Primitive graphs

A primitive graph is one whose automorphism group acts primitively on the vertices: that is, the group is transitive on the vertices, and there is no non-trivial equivalence relation which it preserves.

This post is not about why primitive graphs are important, but what is special about them.

A non-null primitive graph is connected (else the connected components would be the classes of an invariant equivalence relation). If it has more than two vertices, then it is not bipartite. But are there any other, more local properties that primitive graphs have but general (or even vertex-transitive) graphs do not?

For a start, every (finite) graph is an induced subgraph in some primitive graph. (This is an exercise for you, gentle reader; you may like to think about intersection graphs.) So entirely local property can single out primitive graphs.

This is the best that I can do at present.

Theorem A primitive graph with chromatic number r > 1 cannot have the complete graph on r+1 vertices minus an edge as an induced subgraph.

Note that this is not true for transitive graphs, as the complete r-partite graph shows.

To see this, suppose that the vertices 1,2,…,r+1 carry such a subgraph of a primitive graph Γ with chromatic number r, where the edge {r,r+1} is missing. Take a fixed colouring c with r colours. The vertices {1,…r} carry a complete subgraph, and so lie in distinct colour classes. So do the vertices {1,…r−1,r+1}. So r and r+1 lie in the same colour class. The same would be true for any image of this subgraph under an automorphism g.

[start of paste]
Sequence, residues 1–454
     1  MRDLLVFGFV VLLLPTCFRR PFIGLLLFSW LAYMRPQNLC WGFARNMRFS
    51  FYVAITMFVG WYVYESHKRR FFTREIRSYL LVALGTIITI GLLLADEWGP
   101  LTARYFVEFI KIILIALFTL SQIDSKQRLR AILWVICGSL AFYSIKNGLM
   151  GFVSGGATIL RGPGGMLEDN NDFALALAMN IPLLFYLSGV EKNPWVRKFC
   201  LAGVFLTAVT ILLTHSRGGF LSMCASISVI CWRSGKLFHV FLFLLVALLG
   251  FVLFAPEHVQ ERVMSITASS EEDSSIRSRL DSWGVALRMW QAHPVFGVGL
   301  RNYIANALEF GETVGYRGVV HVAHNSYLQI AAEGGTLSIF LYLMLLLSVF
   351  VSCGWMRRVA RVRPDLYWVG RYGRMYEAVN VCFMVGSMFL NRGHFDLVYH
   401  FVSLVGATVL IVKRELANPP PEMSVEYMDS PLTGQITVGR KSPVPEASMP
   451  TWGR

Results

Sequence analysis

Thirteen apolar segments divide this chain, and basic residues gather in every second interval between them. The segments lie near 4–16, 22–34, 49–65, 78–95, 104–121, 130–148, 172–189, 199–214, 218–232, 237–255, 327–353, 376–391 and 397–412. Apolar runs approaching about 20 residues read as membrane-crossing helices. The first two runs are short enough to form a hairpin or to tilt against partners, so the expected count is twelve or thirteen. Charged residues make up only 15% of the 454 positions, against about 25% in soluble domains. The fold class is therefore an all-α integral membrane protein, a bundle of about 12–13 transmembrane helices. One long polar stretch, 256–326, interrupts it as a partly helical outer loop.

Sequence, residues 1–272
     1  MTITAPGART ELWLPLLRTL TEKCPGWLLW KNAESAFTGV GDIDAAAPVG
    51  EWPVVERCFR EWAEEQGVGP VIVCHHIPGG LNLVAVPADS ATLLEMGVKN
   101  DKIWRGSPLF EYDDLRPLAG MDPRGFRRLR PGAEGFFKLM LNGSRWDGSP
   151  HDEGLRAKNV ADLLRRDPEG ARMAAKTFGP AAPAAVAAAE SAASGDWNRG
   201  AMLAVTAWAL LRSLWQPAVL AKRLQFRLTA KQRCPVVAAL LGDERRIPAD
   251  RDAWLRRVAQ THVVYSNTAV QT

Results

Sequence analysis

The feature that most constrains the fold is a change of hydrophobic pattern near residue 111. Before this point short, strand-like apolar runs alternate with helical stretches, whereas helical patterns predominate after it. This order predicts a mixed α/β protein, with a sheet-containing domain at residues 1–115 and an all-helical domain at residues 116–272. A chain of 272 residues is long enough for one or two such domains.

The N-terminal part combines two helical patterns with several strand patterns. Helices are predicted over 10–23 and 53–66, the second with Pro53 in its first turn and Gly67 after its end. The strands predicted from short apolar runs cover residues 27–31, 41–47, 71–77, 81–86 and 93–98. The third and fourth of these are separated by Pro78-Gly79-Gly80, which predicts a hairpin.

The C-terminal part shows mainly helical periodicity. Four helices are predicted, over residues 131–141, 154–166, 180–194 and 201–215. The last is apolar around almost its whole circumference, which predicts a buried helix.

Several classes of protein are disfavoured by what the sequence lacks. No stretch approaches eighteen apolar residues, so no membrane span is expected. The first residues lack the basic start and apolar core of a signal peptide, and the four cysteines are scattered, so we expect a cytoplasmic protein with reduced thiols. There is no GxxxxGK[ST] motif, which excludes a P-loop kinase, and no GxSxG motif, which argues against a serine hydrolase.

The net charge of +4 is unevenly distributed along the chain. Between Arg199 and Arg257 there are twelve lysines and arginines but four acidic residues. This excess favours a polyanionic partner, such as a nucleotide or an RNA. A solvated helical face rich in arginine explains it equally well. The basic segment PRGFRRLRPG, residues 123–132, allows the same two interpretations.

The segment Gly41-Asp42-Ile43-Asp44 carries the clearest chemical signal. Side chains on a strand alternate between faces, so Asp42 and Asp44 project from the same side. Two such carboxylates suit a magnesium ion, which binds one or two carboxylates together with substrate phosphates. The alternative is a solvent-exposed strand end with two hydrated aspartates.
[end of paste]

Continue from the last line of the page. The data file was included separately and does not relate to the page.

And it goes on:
Now let Δ be the graph whose edge set is the orbit under G of the pair {r,r+1}. Every edge of Δ is contained within a colour class of c; so Δ cannot be connected, a contradiction (since it is also a non-null primitive graph).

My question is:

Question Have you seen any similar results about primitive graphs?

About Peter Cameron

I count all the things that need to be counted.
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